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Viggo Mortensen: ‘I’m Just Looking for Stories I Think Are Worth Telling’

Viggo Mortensen’s turn as Aragorn in “The Lord of the Rings” gave him the potential for a couple of cinematic identities, all lucrative: He could be an action hero, or a smart woman’s sex symbol. But in the 13 years since he left Middle-earth, only two of his last five leads were in English. And he has a fondness for turning familiar genres inside out in films like the Athens-set thriller “The Two Faces of January” and the experimental period drama “Jajua.”

“I guess you could call the movies I do off the beaten track,” the 57-year-old — who’s also a painter, photographer, poet, and publisher through his own Perceval Press — says by phone from Spain. He’s working on his poetry before heading to Cannes for the premiere of “Captain Fantastic,” in which he stars. “I’m not willfully ignoring studio movies. I’m just looking for stories I think are worth telling.”

The producers of those smaller films are grateful for his commercial draw. “The Two Faces of January” garnered $4.5 million worldwide, and “Jauja” took in $60,000 in its limited U.S. release. Mortensen should help target the boomer crowd when Bleecker Street opens “Captain Fantastic” theatrically on July 8.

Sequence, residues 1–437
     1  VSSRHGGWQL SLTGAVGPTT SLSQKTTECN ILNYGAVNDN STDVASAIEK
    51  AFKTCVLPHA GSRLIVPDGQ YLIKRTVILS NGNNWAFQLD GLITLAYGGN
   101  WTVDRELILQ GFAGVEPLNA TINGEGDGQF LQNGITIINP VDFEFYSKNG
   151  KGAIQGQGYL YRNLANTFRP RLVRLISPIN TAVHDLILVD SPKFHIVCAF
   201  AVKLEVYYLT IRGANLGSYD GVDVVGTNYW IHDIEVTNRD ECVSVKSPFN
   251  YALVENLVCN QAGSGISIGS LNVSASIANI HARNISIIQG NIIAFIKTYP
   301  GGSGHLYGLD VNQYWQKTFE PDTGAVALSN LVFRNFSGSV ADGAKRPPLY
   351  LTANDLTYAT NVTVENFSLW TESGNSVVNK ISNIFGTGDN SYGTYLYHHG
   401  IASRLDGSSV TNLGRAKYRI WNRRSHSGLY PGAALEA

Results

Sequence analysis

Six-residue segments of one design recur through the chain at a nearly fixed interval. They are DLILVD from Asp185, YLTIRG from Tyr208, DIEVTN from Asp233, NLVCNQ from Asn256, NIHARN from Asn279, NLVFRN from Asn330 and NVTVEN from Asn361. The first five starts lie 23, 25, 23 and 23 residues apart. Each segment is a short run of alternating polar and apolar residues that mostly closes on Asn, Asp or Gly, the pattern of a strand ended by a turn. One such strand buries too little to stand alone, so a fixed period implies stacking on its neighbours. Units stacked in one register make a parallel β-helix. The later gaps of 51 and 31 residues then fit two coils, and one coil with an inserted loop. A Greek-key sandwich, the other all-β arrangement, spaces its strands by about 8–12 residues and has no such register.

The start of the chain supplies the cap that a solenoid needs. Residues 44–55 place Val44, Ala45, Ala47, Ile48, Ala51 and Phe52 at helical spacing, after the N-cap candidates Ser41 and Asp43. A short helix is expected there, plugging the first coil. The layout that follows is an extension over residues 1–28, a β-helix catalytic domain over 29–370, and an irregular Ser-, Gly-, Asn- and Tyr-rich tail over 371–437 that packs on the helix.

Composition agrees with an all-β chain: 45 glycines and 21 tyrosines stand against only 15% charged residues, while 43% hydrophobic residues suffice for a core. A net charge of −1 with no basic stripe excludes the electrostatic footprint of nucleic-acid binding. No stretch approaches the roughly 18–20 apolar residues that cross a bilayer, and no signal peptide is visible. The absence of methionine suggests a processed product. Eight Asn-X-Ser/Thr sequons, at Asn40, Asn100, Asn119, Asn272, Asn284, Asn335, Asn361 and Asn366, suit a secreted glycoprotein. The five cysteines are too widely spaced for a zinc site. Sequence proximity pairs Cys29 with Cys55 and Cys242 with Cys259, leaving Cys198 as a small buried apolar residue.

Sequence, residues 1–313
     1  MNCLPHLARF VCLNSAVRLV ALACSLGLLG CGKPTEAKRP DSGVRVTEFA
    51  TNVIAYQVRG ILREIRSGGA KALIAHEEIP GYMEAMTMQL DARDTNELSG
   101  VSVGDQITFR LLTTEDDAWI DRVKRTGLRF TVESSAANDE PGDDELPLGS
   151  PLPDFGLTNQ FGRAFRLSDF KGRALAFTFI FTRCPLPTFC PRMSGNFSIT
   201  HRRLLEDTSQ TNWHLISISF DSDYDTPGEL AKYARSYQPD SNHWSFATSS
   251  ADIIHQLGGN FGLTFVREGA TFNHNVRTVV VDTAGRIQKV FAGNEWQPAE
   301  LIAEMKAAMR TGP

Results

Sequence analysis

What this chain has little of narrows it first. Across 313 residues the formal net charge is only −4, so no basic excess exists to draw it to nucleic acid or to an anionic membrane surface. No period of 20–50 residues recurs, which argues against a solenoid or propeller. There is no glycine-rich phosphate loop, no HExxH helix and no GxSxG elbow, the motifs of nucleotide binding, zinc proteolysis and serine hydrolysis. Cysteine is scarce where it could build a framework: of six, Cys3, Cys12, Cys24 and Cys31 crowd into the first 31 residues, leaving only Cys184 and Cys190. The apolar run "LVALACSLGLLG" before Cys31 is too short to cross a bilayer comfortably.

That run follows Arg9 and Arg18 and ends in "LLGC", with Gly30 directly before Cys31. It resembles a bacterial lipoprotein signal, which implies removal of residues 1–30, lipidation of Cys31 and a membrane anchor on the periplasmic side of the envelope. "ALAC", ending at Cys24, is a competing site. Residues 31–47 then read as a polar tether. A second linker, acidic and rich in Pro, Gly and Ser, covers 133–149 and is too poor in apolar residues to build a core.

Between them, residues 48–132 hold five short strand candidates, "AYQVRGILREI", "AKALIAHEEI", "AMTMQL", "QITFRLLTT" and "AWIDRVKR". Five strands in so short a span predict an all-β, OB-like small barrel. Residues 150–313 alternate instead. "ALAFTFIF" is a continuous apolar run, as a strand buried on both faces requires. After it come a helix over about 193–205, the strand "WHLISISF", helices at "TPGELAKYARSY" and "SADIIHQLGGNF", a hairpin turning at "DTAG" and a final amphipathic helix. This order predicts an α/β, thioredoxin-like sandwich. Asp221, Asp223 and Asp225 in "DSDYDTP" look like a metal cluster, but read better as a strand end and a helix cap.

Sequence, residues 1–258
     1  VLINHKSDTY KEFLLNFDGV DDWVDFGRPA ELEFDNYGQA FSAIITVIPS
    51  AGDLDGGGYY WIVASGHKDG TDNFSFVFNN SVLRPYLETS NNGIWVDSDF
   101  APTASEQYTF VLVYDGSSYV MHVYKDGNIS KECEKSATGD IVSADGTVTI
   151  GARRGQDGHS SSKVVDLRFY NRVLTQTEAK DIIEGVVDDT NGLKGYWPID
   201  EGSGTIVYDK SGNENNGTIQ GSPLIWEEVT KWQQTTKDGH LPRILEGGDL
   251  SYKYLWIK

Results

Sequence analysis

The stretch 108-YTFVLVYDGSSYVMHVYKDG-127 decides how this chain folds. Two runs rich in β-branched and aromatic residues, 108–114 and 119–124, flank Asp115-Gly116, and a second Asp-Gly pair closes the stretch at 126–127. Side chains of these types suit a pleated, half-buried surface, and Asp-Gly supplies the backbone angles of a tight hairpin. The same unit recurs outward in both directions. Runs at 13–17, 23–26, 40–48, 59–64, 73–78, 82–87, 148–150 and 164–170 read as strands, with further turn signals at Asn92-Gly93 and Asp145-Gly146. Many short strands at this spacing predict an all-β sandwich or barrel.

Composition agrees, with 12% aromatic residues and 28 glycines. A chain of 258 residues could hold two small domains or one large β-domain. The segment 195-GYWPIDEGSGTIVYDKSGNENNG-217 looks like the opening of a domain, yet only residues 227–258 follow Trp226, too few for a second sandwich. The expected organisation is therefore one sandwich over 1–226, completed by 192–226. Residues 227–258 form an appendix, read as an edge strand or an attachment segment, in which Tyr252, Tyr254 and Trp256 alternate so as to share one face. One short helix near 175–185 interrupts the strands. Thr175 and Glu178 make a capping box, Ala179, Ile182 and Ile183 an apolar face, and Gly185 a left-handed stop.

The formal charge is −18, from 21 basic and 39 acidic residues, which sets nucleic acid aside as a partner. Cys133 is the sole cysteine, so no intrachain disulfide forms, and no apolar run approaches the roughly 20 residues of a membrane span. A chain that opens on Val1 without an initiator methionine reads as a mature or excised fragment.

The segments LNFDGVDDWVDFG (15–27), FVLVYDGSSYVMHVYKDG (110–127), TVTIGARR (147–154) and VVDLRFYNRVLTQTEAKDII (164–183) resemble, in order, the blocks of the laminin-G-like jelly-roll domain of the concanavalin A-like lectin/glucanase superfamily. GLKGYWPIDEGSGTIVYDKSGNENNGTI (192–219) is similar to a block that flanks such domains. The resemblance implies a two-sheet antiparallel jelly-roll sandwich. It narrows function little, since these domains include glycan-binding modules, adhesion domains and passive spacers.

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“I’m happy to make one really good movie a year,” Mortensen says. “The process does take a toll. It’s hard just to get a movie made and find attention for it.”

So far, that hasn’t been a concern for “Captain Fantastic,” the only Sundance title selected for the official Cannes lineup this year (in the Un Certain Regard section). Mortensen plays hippie patriarch Ben, whose idyllic life raising his five children in the Pacific Northwest forest comes to a halt with news of his wife’s sudden death. Back in civilization, Ben must confront the shortcomings of his radical parenting.

The second effort from actor-director Matt Ross, “Captain Fantastic” magnifies the good and bad of modern society. “It’s one of those movies that has its finger on the pulse of what’s happening, like American movies in the early ’70s,” says Mortensen.

Ross says Mortensen’s relationship to the material was essential to the role; the actor brought many of his own props to the set and knew the character’s philosophical reference points well. It was a striking contrast to the comedic actors some agents suggested for the part. “They were picking up a tone that wasn’t really there,” Ross says. “There’s something about Viggo — he’s a man’s man, but he’s also physically fit, and believes intellectually in the words coming out of his mouth.”

His linguistic flexibility — Mortensen grew up in South America, speaking English, Spanish, and some Danish — has in-fluenced his global career. “The more things you’re willing to try,” he says, “the more possibilities you have for storytelling.”

Eric Kohn is the chief film critic and a senior editor for IndieWire as well as the manager of the CriticWire network. 

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